In this Saturn ad, he captures the moment of someone buying a new car and how a car company can be more human about the process to make the difference.
His more famous work won a presidency by helping depict Ronald Reagan as the guy who’ll look out for the everyday American. I used this ad as the inspiration for my Intrax corporate video.
In my obsession with advertising I’ve done all I can to study to past masters and with Hal Riney being an inspiration to me, I’m sad that there isn’t more available on his life, his work and, of course, his legacy.
I hope one day, someone does the research and writes that book. Because I’ll be in line to order one of the first copies. Who knows, maybe one day I’ll find the means to write it. Wouldn’t that be awesome.
I’m not cool enough for anyone to ask me to write one of these. Luckily this is the 21st century and I don’t have to wait for someone else to provide me with the means to do so. So here we go!
2010 was probably the shittiest of all years, so 2011 had only one direction to go… UP. 2011 offered juxtaposition to my brother’s death in 2010 with weddings. Lots of them too. Which brings me to the first thing I learned this year. Weddings are way better than funerals.
2011 wasn’t without loss though. We lost Steve Jobs in October. His advice to “stay hungry, stay foolish” is my adopted modus operandi. It’s driven me to expand my creativity in new ways. It’s guided me from New Orleans, to New York and back to San Francisco. In the last year is driven my passion to master a new craft. With that said, another thing I’ve learned this year is that you can never stop learning. I only wish we could live long enough to learn all the universe has to offer. The good news? If you stay hungry and foolish enough, you’ll learn the limit in your lifetime.
In June, I was given the chance to work in Washington, D. C. This provided me with my next two lessons. The first one is that true friendships can stand the test of time. 8 – 10 years had passed since I had last seen Chris, but we picked up right where we left off. It was like we saw each other the day before. It was awesome to feel that connection to someone.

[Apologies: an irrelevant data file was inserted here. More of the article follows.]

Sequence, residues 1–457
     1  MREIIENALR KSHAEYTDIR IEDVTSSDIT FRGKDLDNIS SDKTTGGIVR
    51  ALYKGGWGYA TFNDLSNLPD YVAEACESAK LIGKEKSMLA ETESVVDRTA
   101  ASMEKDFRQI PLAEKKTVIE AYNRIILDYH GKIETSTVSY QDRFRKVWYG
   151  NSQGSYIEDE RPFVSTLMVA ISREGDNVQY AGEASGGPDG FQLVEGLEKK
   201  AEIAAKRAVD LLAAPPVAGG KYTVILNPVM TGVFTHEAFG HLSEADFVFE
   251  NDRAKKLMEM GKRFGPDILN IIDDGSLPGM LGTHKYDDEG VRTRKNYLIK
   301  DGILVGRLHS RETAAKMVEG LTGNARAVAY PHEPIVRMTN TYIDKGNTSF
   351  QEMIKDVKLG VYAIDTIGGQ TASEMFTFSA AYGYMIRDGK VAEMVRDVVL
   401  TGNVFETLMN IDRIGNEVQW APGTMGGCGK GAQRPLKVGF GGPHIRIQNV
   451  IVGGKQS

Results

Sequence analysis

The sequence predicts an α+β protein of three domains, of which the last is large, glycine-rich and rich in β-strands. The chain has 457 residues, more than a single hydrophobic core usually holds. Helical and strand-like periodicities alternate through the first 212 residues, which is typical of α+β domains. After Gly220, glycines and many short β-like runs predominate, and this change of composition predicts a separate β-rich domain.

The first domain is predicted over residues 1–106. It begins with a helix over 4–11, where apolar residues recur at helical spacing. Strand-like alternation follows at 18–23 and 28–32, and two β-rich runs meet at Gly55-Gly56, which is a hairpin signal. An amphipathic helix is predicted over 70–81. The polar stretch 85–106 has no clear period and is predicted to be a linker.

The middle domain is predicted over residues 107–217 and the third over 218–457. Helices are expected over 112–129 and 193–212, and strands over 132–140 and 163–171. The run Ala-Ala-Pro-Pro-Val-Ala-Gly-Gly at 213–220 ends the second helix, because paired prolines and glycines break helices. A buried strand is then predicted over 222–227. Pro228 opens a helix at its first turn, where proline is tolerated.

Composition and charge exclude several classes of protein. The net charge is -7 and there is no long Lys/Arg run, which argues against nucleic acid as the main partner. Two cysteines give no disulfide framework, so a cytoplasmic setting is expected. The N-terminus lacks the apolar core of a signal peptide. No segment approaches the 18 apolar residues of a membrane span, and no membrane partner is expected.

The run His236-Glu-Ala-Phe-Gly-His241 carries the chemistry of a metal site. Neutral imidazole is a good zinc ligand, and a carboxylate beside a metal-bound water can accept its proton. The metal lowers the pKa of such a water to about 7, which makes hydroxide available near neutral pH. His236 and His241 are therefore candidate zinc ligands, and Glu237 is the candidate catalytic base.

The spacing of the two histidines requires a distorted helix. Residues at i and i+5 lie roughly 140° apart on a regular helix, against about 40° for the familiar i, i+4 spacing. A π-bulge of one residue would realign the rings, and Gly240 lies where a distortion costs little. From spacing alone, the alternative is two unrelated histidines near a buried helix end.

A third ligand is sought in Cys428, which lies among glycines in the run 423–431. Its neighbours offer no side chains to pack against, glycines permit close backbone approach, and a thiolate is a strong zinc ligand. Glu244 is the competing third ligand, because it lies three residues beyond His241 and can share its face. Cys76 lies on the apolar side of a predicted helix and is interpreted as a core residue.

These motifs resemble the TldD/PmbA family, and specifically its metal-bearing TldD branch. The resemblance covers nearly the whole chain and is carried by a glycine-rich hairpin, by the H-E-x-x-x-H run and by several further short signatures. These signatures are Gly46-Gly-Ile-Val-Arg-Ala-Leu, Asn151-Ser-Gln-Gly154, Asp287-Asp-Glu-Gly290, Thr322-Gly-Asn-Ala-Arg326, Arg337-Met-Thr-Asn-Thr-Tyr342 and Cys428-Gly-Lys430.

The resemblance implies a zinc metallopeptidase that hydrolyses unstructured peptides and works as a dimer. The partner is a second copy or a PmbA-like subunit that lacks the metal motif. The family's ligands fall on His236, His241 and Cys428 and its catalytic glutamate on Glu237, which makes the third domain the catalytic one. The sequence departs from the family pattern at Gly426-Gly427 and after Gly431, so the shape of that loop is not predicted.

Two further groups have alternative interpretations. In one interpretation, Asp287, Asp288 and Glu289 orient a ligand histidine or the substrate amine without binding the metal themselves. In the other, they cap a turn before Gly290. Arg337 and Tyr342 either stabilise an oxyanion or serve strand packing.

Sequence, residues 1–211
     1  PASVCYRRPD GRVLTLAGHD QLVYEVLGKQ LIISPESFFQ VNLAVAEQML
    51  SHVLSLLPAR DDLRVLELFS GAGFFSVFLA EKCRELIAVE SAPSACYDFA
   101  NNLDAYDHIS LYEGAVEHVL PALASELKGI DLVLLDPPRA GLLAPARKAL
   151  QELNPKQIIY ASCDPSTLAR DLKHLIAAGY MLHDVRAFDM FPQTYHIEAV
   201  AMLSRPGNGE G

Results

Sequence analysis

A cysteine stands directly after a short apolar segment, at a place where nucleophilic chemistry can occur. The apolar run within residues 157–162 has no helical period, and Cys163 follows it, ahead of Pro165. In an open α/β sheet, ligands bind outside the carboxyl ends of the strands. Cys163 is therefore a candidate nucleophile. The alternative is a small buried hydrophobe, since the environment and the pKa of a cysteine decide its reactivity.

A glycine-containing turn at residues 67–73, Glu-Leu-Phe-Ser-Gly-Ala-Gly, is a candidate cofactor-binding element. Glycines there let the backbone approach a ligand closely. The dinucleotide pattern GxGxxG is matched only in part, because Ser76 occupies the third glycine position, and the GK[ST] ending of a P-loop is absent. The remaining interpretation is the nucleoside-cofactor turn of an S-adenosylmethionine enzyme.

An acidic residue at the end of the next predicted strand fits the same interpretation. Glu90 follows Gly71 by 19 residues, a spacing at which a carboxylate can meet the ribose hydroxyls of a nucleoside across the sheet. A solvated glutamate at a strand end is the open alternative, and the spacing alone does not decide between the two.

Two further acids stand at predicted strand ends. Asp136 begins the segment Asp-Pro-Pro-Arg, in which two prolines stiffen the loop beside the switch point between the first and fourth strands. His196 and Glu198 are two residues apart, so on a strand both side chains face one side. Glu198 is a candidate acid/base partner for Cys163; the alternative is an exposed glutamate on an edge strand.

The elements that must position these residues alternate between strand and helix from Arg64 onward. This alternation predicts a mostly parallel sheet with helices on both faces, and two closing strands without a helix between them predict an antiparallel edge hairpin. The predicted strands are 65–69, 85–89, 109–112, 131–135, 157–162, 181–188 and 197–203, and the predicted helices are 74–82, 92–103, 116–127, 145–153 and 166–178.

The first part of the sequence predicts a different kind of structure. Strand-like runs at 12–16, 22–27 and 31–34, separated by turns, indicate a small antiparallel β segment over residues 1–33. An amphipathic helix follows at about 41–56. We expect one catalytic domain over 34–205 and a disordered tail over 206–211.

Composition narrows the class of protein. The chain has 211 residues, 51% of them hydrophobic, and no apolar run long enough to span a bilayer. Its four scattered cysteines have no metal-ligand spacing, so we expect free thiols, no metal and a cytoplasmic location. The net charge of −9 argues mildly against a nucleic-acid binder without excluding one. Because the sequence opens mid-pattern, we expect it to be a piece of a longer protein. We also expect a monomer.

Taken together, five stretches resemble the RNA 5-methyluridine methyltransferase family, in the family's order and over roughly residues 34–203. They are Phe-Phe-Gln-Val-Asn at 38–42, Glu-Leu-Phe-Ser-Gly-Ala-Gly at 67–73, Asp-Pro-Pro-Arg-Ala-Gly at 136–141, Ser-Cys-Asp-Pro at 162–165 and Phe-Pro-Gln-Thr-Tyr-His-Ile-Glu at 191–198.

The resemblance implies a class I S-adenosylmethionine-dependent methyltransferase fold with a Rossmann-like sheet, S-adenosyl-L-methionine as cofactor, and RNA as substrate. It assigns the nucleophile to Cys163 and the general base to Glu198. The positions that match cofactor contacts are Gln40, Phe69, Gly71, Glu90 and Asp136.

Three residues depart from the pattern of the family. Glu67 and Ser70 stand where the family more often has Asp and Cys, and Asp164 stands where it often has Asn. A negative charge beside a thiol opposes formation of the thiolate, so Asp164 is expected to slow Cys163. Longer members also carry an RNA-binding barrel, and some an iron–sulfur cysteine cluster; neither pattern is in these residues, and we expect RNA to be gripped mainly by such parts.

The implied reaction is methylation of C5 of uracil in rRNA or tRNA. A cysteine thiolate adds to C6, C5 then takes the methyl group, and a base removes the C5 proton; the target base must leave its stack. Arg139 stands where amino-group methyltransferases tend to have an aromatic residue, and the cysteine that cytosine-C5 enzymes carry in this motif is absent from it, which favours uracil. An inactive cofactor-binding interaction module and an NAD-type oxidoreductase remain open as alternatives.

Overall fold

The other lesson from D.C. came from a group of Muslim high school students. The big send off for the YES program was your typical high school dance. Seriously, go to Anywhere, USA and watch a high school dance commence. You couldn’t tell the difference. This lesson was an affirmation of my belief that we are all the same.
The last knowledge I’ll drop in your lap is to stay true to yourself. Sounds mighty cheeky doesn’t it? Well after losing the most important person in my life in 2010 I can attest that the road you’re on has bends and forks throughout it. During these times of tribulation the hardest thing to do is to keep your head up and be true to yourself. So no matter what 2012 brings you I hope that you can take these lessons I’ve learned and build upon them. Because shared knowledge moves the human race forward.
If I don’t post again before 2012, stay safe and happy new year!
If the world ended tomorrow, the civilization that discovers our digital ruins would believe we were a society that worshiped cats. This prospect provides great insight to our judgmental tendencies.